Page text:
The Communist DeregulationistsWed 12:00 pm Europe/London, 20 Jan 2021
Today we’re publishing a new piece by the academic economist who writes for Lockdown Sceptics. It’s about the unhappy provenance of the Government’s Covid policy and its tragic incoherence with the deregulation agenda.
Now consider the absurdity of the Government’s current deregulation agenda. They are looking at rules around work breaks, while literally closing restaurants and pubs. They think they are actually going to rejuvenate the British economy by closely examining builders’ smoke breaks – while at the same time massively restricting physical movement and banning many services entirely.
The distance between rhetoric and action is so large as to be bizarre. If you took the Johnson government at their word you would assume that Britain was on its way toward some sort of libertarian experiment in free market economics. Yet if you look at what the Government is doing it is far closer to what the Chavez and then Maduro government did to Venezuela.
I do not write this for rhetorical effect. Personally, I think many economists exaggerate the positive impact of deregulation. True, it is sometimes needed, but often it is simply done to check an ideological box; I do not believe that regulations on disabled toilets impact the economy one iota. I do not think, however, that economists exaggerate the negative effects of communistic interventions in the economy. Imposing extreme, top-down controls on how people live, on how they work, on how they buy and sell is a sure path to total impoverishment.
There is simply no analogy outside of communist control economies for what the Johnson Government is doing to this country. Even when the Churchill Government took over the British economy during World War 2, the controls were nowhere near as onerous. Rations were imposed, so that the troops got more, say, petrol than the average British subject, true, but ultimately people could move basically as they pleased and non-rationed goods could be bought and sold freely. The system was also rational: the Government needed to move certain goods from the domestic consumer market to the front and the ration system did that well.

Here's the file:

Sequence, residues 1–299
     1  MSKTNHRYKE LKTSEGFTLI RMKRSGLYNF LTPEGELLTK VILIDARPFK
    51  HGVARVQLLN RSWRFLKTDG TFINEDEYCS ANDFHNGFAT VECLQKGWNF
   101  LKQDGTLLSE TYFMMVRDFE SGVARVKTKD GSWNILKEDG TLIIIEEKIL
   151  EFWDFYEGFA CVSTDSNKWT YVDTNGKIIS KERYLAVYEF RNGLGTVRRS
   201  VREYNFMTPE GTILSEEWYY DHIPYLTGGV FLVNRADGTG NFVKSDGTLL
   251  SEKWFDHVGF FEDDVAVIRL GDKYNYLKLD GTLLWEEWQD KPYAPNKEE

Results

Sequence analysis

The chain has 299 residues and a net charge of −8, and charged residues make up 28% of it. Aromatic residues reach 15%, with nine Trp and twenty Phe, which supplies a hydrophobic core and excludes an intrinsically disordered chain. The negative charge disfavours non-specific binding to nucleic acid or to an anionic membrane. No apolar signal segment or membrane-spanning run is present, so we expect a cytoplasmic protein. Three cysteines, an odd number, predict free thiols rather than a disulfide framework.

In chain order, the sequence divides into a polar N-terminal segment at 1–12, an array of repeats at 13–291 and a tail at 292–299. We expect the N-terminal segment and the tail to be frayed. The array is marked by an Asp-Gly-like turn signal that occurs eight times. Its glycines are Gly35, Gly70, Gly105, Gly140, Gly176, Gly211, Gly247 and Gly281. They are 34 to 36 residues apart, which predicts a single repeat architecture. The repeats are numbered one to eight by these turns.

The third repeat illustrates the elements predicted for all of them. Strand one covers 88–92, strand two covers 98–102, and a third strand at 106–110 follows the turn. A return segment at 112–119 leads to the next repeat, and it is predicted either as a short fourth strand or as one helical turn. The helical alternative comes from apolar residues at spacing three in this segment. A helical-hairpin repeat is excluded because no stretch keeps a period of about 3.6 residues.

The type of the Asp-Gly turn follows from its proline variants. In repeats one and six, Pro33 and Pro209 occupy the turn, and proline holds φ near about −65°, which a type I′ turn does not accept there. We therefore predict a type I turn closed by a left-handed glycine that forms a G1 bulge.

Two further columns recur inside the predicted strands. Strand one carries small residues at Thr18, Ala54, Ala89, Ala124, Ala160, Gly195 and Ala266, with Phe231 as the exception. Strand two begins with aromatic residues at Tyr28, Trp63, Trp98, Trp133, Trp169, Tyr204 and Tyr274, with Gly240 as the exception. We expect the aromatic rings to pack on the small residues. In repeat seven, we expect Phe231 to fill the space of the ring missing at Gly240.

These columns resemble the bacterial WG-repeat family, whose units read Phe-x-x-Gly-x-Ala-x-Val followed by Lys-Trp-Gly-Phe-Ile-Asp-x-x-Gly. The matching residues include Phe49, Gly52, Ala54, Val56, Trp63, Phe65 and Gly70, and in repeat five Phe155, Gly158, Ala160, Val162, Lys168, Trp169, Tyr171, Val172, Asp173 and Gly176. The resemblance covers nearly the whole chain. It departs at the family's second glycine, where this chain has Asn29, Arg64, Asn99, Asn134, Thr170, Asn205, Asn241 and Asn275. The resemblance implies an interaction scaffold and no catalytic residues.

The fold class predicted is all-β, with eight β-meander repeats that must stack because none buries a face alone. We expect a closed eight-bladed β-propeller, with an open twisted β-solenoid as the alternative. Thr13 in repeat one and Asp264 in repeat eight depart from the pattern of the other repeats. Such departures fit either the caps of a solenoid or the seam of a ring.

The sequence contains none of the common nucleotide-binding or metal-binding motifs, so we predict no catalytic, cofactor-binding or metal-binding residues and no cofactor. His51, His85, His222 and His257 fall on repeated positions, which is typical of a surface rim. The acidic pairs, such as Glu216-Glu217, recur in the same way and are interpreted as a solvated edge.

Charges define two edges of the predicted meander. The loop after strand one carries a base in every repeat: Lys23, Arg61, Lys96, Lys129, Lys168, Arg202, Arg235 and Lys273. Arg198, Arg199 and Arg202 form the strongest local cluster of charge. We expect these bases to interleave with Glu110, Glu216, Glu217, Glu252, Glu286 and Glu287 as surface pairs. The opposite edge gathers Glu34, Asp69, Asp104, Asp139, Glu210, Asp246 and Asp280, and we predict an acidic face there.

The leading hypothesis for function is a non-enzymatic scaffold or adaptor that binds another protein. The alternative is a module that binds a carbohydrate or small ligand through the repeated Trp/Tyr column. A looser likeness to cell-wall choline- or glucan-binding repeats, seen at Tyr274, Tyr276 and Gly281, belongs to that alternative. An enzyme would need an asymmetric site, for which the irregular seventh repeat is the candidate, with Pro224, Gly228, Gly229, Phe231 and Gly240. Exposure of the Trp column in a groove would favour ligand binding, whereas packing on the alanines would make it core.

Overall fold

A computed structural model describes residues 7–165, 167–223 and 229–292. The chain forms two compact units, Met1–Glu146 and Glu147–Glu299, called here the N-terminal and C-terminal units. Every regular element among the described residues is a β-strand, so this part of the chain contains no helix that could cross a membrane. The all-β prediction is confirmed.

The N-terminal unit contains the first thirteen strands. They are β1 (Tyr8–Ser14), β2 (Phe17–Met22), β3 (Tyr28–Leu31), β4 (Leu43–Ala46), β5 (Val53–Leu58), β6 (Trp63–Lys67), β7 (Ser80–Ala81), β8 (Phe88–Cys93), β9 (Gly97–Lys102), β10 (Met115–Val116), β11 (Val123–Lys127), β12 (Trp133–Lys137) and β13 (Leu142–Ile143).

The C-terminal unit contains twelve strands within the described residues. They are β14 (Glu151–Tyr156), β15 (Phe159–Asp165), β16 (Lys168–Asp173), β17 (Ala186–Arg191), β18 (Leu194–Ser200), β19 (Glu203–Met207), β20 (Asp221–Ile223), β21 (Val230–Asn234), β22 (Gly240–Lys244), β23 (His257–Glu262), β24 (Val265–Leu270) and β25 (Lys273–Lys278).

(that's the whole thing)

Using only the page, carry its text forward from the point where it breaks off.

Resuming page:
By contrast, the current communistic-style regulations are – as they usually are in communist countries – utterly absurd. They change seemingly with Johnson’s mood. No one knows what they will be tomorrow, much less next week. Business owners and consumers cannot even try to plan around them because they flail around wildly. Better regulations to utterly demolish British living standards could not be dreamed up by the country’s worst enemies.
Worth reading in full.